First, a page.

Verdict: I would go up to the third floor just to see the Struth photograph, but the rest of the stuff is pretty hit or miss.  Mostly miss.

Sunday, June 12, 2016

Bits and Pieces of American History

Where: American History Museum

When: through late August and early September

I went over to the American History Museum and saw several things, all easily managed in a lunch hour.

The first was a Tucker automobile, a great idea that flopped due to insufficient financial backing.  It stressed its safety features,  but what stuck with me was how great it looked.

Another small display is on the role of glass in science, in the center cases on the first floor.  The Smithsonian has a collection of over 1,000 pieces of scientific glassware, which is pretty impressive.  It makes you realize what a tiny fraction of the institution's collection you see when you go to the museums. 
Also on display at present is Prince's Yellow Cloud guitar, which I think is the guitar pictured in the portrait that was up at the National Portrait Gallery.  The black and white photograph really didn't do this instrument justice - when I say it's yellow, I mean it's YELLOW.

Verdict: If you're at American History, it's worth seeing the guitar and the car.  The glassware, well, that's more of an acquired taste...

Muhammad Ali Knocks Out Althea Gibson

I went over to the National Portrait Gallery this week to see a portrait of Althea Gibson that had been newly hung on the "Recognize" wall.  The museum had taken a poll of visitors to see which athlete they wanted to see, and Gibson won.  I wasn't exactly certain where the "Recognize" wall was, but I was certain I'd be able to find it.

After walking around the Gallery for quite a while, I finally asked the people at the information desk what was up - turns out the "Recognize" wall is the same as the "In Memoriam" wall.  After hanging for about 4 hours, Gibson's portrait was taken down to make way for one of Muhammad Ali.  No word on when Ali will come down and Gibson go back up.  And frankly, the way this year is going for famous people, Gibson may have to wait a while.

The Ali portrait is the one that was on display in the Yousuf Karsh show from 2014.  See my review of the portrait here.

Saturday, June 11, 2016

The Comics Section Visits the American Art Museum

Where: Archives of American Art

When: through August 21, 2016

The Archives has a new show on; I suppose it isn't really new, since it opened in April, but this was my first opportunity to see it, so it was new to me.  It runs through most of August, so if you're planning a trip to the SAAM/Portrait Gallery, you've got time to give this a glance.

The wall notes tell us that, "Artists find inspiration everywhere," and this show is an attempt to document some of that inspiration.  One of the artists featured was Ben Shahn, who worked for the Farm Security Administration during the Great Depression.  His work was the inspiration for the photographers featured in the "No Mountains in the Way" show I saw last week.

Ray Yoshida collected newspaper comic "specimens" - pictured at left, they're not full comics, but pieces of strips.  I had a lot of fun picking out images I recognize from the paper - I'm a big fan of the comics, and read almost all of them every day.  Apparently, I'm not the only one who loves the funnies; the side wall is a large reproduction of these cut-outs, and the Smithsonian is using this image on their website.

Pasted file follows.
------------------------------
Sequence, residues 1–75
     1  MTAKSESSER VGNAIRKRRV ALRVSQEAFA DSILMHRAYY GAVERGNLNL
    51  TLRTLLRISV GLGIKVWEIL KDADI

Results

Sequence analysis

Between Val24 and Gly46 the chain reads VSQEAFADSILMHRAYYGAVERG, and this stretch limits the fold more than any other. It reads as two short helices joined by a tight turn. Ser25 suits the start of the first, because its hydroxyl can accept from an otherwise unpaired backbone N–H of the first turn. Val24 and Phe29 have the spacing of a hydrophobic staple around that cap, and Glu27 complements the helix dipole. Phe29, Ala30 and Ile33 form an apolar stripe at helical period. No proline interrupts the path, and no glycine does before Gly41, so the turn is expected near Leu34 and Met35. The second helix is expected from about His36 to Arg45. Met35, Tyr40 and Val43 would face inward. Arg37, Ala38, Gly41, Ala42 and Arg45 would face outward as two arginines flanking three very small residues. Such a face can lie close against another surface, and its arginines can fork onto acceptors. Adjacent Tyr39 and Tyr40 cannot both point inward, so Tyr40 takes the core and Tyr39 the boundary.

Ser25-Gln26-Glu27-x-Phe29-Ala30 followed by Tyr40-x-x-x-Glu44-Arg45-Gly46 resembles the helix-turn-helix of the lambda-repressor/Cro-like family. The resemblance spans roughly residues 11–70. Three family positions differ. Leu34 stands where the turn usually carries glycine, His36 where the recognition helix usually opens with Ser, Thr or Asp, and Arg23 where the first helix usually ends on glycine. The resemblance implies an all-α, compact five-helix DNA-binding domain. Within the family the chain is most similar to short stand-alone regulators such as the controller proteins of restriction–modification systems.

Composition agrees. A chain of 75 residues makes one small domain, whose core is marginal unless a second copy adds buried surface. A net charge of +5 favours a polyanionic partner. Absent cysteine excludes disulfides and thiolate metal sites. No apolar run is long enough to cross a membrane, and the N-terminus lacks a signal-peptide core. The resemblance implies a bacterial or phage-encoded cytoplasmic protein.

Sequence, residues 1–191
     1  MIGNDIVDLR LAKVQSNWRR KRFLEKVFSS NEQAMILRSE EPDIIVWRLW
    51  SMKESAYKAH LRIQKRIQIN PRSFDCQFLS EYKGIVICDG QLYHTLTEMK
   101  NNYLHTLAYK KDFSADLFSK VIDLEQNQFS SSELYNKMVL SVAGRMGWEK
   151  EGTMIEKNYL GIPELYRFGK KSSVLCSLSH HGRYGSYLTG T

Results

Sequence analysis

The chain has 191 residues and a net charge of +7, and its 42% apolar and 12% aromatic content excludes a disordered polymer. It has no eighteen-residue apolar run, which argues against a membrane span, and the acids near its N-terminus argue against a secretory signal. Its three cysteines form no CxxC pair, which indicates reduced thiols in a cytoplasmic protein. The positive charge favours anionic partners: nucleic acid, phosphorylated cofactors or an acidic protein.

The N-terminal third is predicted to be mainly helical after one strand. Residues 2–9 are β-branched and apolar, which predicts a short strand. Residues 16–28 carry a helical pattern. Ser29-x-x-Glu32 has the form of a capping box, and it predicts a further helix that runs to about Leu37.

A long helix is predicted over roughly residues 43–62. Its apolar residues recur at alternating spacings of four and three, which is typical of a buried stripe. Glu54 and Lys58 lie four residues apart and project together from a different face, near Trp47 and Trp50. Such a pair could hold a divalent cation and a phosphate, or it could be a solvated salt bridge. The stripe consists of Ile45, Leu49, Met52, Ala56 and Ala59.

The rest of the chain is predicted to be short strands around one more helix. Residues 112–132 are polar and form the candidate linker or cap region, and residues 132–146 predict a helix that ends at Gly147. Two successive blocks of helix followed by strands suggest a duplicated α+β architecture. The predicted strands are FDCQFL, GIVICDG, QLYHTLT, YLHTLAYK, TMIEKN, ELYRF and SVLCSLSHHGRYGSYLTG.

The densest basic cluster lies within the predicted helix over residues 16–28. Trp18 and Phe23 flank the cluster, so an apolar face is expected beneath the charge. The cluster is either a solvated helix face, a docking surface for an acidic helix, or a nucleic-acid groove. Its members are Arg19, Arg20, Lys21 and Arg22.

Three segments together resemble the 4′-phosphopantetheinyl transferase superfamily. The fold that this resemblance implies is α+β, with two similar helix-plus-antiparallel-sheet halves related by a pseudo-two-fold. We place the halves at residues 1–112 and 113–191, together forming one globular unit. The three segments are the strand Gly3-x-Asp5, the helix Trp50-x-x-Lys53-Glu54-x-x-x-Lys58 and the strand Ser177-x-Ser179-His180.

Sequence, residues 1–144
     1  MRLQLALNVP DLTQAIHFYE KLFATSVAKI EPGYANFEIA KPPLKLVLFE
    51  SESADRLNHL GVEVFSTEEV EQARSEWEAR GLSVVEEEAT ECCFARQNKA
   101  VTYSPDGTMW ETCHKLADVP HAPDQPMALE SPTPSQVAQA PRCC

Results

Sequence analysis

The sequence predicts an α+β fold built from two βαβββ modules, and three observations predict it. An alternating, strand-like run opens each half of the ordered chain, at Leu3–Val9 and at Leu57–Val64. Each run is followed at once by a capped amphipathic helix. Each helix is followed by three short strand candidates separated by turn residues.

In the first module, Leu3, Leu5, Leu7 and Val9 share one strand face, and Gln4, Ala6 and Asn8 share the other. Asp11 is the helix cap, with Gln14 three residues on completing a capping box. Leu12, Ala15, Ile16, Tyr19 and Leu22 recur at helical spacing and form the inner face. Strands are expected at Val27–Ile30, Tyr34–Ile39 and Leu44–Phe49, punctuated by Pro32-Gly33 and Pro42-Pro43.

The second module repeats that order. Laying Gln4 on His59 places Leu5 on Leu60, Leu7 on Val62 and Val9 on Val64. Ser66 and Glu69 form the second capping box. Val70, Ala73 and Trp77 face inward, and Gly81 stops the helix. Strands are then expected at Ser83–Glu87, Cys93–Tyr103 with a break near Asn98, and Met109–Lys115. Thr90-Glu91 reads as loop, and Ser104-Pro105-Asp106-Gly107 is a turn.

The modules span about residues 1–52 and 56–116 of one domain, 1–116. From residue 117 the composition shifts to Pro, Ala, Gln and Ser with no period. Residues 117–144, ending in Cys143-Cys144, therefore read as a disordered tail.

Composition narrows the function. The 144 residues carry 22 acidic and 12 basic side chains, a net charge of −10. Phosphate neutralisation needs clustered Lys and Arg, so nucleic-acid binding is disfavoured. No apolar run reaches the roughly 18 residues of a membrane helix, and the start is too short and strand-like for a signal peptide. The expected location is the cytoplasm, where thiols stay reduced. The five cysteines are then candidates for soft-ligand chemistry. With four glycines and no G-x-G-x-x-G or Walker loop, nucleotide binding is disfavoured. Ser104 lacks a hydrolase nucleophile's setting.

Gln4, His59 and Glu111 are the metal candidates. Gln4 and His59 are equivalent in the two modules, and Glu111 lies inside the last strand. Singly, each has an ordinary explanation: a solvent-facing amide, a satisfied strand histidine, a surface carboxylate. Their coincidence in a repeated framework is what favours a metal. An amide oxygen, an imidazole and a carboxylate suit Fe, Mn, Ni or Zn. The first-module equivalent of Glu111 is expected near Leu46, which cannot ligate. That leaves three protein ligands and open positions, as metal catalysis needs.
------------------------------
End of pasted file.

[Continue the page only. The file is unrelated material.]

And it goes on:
Verdict: It's not a terribly exciting show, but it's interesting.  Worth a glance if you're in the building anyway.

Saturday, June 4, 2016

They're not Kidding about the Lack of Mountains

Where: Smithsonian American Art Museum

When: through July 31, 2016

In the 1970s, the National Endowment for the Arts paid for three photographers to go to Kansas and record life there, much as the Farm Security Administration had done throughout the country in the 1930s and 1940s.  This exhibit features over 60 of the images produced as part of the Kansas Documentary Survey, which focused on landscape, buildings and people.

I looked at the landscape images first, and realized very quickly that the show's title is well deserved.  The photograph here is typical - the sense that the land and sky go on forever, with nothing to break up the view.  It's not that the pictures are necessarily bleak; it's that they are vast and unchanging.  There are no boundaries; they are pictures of infinity.

The second room contains photographs of people, and the thing that struck me is how much they are fully present with each other.  There are no phones (of course, since this is 1974) or any other distractions.  You have the sense that people have gathered together to enjoy one another's company, and that they will turn back to their coffee, or board games or conversation as soon as the photographer has left.  In part, this is because it is 1974, and portable private entertainment has yet to be invented, but I think it's also partly a reaction to the landscape in which they live.  With so much space outside, I imagine these people coming together for human companionship - to band together against the void.

Finally, I went into the room of buildings, which are almost as empty as the landscape.  There are signs in the windows, so you can assume that these are businesses with owners, employees, customers, but we don't see these people.  Perhaps they're all at the coffee shop having their pictures taken by another photographer?

Verdict: Good show, easily managed in a lunch hour.  Especially recommended for those with an interest in photography, or the history of the Midwest.